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November 23, 2018

082 – Does Medicaid Take Your Loved One’s House When They Move Into an Assisted Living or a Nursing Home?

Sweet Home Sign

sign saying "Home Sweet Home" at flea market stand ** Note: Shallow depth of field

Does Medicaid take your loved one’s house when they move into an assisted living community or a nursing home?  The answer is usually no.  But that doesn’t mean you won’t have to sell it or work in some way to protect it.  Listen to the podcast to learn more about this issue – something that scares a lot of people.  And, remember, if your loved one might need Medicaid at some point in the future you should talk to an elder law attorney.

Good luck with this.




  1. Stephanie Donahoo says:

    My dad signed his house to me in Nov 2015 because I moved in to help take care of him. I sold
    My home to move in with him. He is almost beyond taking care of at home with his Parkinson’s and Dementia. He is in need of Nursing Home care now. My fear is I will be forced to sell my home. I have taking out a loan to fix it up and I am paying that loan. It is not a free and clear home now. Would this be co soldered an exception? I am in the state of KY.

    • Casey Price says:

      You definitely want to discuss this with an elder law attorney. That attorney can help you with your father’s Medicaid needs and guide you through the process to try to protect your home (which if it is yours and your father hasn’t contributed to shouldn’t be exposed to the cost of his care but, again, discuss this with the elder law attorney).

  2. FLORENCE H KNORR, R.N. says:

    I was Power of Attorney for my best friend. She was in a Nursing Home in South, New Jersey. Her husband died within 2 months of her being there & he was dead 8 days, in their house, before they found him. They had no children. She was on Medicaid. Medicaid required that her home had to be sold. Medicaid required that I could either give the money from the sale of the home to Medicaid or I could pay the Nursing Home each month. I paid the Nursing home each month as she had two elderly sisters in Germany who would have inherited the remaining money if she died before the money ran out. She outlived the money from the sale of the house by 2 months. The Nursing Home got every penny. I never took one penny as she had been my best friend since 1958. That Nursing home was very expensive over $7,000.00 a month in a skilled Unit, but she did have excellent care. It required a lot of work on my part.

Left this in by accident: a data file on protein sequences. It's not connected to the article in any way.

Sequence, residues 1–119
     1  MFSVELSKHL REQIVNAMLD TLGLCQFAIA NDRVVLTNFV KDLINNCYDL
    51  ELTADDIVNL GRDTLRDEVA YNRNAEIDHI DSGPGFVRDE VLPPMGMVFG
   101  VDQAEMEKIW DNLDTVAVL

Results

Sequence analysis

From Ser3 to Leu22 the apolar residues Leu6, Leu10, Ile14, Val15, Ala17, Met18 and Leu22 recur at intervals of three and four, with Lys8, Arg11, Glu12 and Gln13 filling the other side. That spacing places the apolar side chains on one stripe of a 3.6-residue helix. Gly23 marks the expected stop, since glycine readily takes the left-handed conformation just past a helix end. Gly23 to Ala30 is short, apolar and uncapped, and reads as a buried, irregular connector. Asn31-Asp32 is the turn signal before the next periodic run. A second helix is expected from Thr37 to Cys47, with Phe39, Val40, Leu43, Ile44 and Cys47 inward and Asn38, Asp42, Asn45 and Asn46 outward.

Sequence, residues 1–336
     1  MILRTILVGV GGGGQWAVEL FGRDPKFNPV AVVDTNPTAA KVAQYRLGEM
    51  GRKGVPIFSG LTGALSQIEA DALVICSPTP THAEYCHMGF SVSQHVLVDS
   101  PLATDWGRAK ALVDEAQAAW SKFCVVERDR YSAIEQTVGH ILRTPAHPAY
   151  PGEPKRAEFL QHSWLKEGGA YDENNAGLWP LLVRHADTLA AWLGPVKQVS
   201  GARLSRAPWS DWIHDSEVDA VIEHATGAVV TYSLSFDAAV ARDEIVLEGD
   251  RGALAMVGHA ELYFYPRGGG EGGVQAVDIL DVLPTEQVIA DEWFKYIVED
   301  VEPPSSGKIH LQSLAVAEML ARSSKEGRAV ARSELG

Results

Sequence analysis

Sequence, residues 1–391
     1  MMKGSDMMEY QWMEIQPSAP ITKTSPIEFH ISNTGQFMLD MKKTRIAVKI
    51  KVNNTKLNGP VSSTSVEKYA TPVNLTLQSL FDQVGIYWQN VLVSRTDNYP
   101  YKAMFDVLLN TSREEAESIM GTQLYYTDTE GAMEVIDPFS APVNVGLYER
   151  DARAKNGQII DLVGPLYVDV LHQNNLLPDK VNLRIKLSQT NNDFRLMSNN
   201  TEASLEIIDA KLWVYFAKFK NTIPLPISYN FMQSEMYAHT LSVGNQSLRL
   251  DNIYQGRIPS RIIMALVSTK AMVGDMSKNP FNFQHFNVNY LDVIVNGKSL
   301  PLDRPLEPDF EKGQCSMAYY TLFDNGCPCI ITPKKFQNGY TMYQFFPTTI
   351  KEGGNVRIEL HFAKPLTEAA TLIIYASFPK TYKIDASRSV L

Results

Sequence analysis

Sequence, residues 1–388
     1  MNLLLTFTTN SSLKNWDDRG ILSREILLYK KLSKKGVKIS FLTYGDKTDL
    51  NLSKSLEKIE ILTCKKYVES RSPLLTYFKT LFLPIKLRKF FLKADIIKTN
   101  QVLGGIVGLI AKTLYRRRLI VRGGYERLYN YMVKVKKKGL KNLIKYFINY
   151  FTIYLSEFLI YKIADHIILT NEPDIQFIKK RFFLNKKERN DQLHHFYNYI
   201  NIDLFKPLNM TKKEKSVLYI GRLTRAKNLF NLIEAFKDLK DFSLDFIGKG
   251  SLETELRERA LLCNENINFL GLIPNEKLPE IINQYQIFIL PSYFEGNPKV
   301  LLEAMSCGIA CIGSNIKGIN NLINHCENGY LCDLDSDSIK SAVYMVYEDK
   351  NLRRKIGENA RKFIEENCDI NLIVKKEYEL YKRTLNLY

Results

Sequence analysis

• Casey Price says:

      First, your friend was very lucky to have you in her life. You really did well for her.

      Second, thanks so for this comment and for pointing out an important distinction with regard to whether Medicaid takes your house when you move into an assisted living or nursing home.

      To be very clear, Medicaid doesn’t take the house. However, Medicaid has rules that require you to spend assets down to the asset limit before someone can qualify for Medicaid benefits. That means you might end up giving all of the money to the nursing home – like your friend ended up doing. The important take away is that Medicaid doesn’t take anything that belongs to you when you need this level of care. A lot of folks think that as soon as you move into an assisted living or nursing home you have to sign your house over to them or to Medicaid. Then, taking that idea further they think they lose the value of the house because they had to give it to the community or to Medicaid. Instead you pay for care as you go and if you end up running out of money you can apply for Medicaid benefits. On the other hand, if you pass away before you run out of money what’s left goes to your estate and ultimately your beneficiaries. I hope this makes sense to everyone. Let me know if I need to try to clarify this further. Thanks!

  3. Vicky Dry says:

    My father was on medicaid the last year of his life. He passed two years ago and a lien was put on the property he owned with his x-wife. This property was never divided with their divorce in 1986. My father left me his property, so my mother is co-owner. She now needs medical help but does not want to sell. Will I lose all monies due to me if she needs medicaid also? No saving, property value at 100.000 has been assessed by stste of WA.

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